Thanks specifically to this spiritual ecumenism — holiness of life, conversion of heart, and private and public prayers — the common pursuit of unity has made great strides over the past decades and has diversified into multiple initiatives, from mutual knowledge to fraternal contact among the members of various churches and ecclesial communities, from increasingly friendly discussions to instances of collaboration in various fields, and from theological dialogue to the search for concrete ways to express communion and work together.

It is prayer that first and foremost has given and continues to give life to this journey toward full communion among all Christians. The theme for this year’s week of prayer is “Pray Without Ceasing” (1 Thessalonians 5:17).

It is also an invitation that ceaselessly resounds in our communities so that prayer may be the guiding light and strength for our footsteps as we listen in an attitude of humility and docility to the Lord of us all.

Common Prayer

Secondly, the council emphasizes prayer in common, prayer that Catholics and other Christians offer together to the one heavenly Father. In this regard, the Decree on Ecumenism makes the following affirmation: “Such prayers in common are certainly an effective means of imploring the grace of unity” (Unitatis Redintegratio, 8).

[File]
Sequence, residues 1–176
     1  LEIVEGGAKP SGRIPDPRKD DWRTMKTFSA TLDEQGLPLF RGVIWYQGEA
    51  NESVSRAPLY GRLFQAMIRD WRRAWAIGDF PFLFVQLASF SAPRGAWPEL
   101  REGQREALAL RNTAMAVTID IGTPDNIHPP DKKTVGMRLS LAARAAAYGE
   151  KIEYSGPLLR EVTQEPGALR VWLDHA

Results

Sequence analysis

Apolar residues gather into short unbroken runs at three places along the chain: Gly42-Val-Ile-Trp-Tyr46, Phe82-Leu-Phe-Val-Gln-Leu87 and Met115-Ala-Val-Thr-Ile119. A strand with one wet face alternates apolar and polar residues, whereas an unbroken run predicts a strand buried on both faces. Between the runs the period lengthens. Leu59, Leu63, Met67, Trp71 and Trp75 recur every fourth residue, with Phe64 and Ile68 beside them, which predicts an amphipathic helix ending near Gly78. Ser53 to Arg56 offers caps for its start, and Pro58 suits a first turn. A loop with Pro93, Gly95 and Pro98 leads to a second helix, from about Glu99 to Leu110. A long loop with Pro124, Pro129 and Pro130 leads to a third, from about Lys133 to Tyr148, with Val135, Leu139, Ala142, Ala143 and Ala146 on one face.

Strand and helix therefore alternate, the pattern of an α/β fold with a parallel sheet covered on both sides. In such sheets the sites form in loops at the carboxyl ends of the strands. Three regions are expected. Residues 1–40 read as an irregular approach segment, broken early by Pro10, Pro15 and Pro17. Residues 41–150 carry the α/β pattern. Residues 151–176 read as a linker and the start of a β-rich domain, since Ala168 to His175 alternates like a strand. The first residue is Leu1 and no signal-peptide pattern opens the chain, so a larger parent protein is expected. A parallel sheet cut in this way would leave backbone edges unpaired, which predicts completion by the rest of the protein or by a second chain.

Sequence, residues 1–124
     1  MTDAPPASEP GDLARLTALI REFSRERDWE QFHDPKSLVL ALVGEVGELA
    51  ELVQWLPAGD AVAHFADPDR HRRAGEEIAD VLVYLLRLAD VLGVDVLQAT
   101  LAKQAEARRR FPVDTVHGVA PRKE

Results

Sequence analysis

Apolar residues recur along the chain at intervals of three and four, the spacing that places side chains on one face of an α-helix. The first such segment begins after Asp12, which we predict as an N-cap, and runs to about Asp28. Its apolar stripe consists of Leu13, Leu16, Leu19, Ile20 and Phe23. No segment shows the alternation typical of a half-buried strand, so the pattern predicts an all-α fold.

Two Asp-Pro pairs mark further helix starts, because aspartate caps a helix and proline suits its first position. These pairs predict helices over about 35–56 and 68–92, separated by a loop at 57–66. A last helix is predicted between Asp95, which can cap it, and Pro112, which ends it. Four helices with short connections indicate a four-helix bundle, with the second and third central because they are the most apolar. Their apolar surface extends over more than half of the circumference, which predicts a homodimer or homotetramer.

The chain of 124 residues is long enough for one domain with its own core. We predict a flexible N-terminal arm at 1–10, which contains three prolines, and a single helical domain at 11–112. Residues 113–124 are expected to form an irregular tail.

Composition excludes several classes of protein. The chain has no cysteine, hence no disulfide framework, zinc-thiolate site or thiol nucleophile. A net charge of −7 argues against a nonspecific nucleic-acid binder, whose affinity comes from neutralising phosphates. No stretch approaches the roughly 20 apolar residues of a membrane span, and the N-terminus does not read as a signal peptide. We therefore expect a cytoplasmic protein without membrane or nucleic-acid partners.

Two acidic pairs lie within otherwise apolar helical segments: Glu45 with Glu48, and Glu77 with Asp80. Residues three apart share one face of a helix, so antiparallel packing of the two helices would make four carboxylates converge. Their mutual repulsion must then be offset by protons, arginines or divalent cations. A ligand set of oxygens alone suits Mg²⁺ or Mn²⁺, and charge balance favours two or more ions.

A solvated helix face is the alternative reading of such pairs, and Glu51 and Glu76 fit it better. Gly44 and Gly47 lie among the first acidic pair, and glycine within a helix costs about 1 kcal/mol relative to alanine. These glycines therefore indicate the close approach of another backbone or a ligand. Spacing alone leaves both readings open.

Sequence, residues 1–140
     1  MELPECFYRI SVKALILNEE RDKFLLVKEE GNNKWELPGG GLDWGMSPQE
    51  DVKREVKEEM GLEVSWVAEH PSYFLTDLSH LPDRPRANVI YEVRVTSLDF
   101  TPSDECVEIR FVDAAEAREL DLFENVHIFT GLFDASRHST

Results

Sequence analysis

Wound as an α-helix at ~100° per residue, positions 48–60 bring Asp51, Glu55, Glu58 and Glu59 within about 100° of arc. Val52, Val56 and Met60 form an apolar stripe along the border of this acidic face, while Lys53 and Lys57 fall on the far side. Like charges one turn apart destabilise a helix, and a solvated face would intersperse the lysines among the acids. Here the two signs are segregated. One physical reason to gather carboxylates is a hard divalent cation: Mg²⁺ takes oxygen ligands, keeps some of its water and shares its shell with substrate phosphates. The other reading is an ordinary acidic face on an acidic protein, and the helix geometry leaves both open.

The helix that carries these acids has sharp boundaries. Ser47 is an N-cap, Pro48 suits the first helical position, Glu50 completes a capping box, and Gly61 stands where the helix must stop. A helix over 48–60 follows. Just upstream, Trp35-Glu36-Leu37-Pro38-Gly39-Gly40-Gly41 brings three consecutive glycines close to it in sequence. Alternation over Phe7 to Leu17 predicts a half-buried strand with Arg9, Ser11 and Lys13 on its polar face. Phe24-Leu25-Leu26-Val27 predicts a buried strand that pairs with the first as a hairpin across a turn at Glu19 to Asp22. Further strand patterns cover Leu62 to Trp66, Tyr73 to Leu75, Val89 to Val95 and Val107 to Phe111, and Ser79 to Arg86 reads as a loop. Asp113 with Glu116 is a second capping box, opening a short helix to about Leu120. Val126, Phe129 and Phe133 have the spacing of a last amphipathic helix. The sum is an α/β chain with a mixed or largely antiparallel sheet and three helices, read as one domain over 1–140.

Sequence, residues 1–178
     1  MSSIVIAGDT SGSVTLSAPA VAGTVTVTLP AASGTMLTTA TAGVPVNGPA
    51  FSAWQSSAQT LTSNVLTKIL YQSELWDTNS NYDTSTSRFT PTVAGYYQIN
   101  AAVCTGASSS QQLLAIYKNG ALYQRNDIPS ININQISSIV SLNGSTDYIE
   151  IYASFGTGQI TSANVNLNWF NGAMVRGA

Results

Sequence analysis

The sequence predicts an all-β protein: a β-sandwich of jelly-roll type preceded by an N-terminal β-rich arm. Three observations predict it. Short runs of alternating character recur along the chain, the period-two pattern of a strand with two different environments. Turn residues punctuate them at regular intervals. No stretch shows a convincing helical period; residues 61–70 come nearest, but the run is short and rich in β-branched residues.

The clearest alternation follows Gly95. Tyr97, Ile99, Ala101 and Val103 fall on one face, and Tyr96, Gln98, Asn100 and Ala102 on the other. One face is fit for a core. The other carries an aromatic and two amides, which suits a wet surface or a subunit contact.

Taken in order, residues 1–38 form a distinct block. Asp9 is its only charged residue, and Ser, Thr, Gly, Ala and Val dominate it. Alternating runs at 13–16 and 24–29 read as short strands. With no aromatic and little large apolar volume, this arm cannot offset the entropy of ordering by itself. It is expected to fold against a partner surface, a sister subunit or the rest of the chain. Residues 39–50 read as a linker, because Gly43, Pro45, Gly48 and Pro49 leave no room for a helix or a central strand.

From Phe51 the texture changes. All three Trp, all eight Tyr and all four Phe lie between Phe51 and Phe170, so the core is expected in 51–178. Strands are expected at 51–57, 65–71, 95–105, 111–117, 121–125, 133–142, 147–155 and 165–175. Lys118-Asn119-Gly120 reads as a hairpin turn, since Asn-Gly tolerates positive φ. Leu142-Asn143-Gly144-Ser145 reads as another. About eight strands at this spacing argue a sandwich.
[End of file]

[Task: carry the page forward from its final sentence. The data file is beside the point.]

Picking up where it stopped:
Through prayer in common, Christian communities come together before the Lord and, conscious of the contradictions that division generates, show their resolve to obey the Lord’s will by entrusting themselves to his omnipotent aid. The decree goes on to say that such prayers are “a true expression of the ties which still bind Catholics to their separated brethren” (Unitatis Redintegratio, 8).

Prayer in common is not, therefore, an act that is merely voluntaristic or purely sociological, but an expression of the faith that unites all of Christ’s disciples. Fruitful collaboration in this field has been established over the years and, starting in 1968, the Secretariat for Christian Unity, as it was known then — which later became the Pontifical Council for Promoting Christian Unity — and the World Council of Churches have been preparing aids for the Week of Prayer for Christian Unity, which they spread throughout the world in a joint effort, reaching areas that they would never have reached working on their own.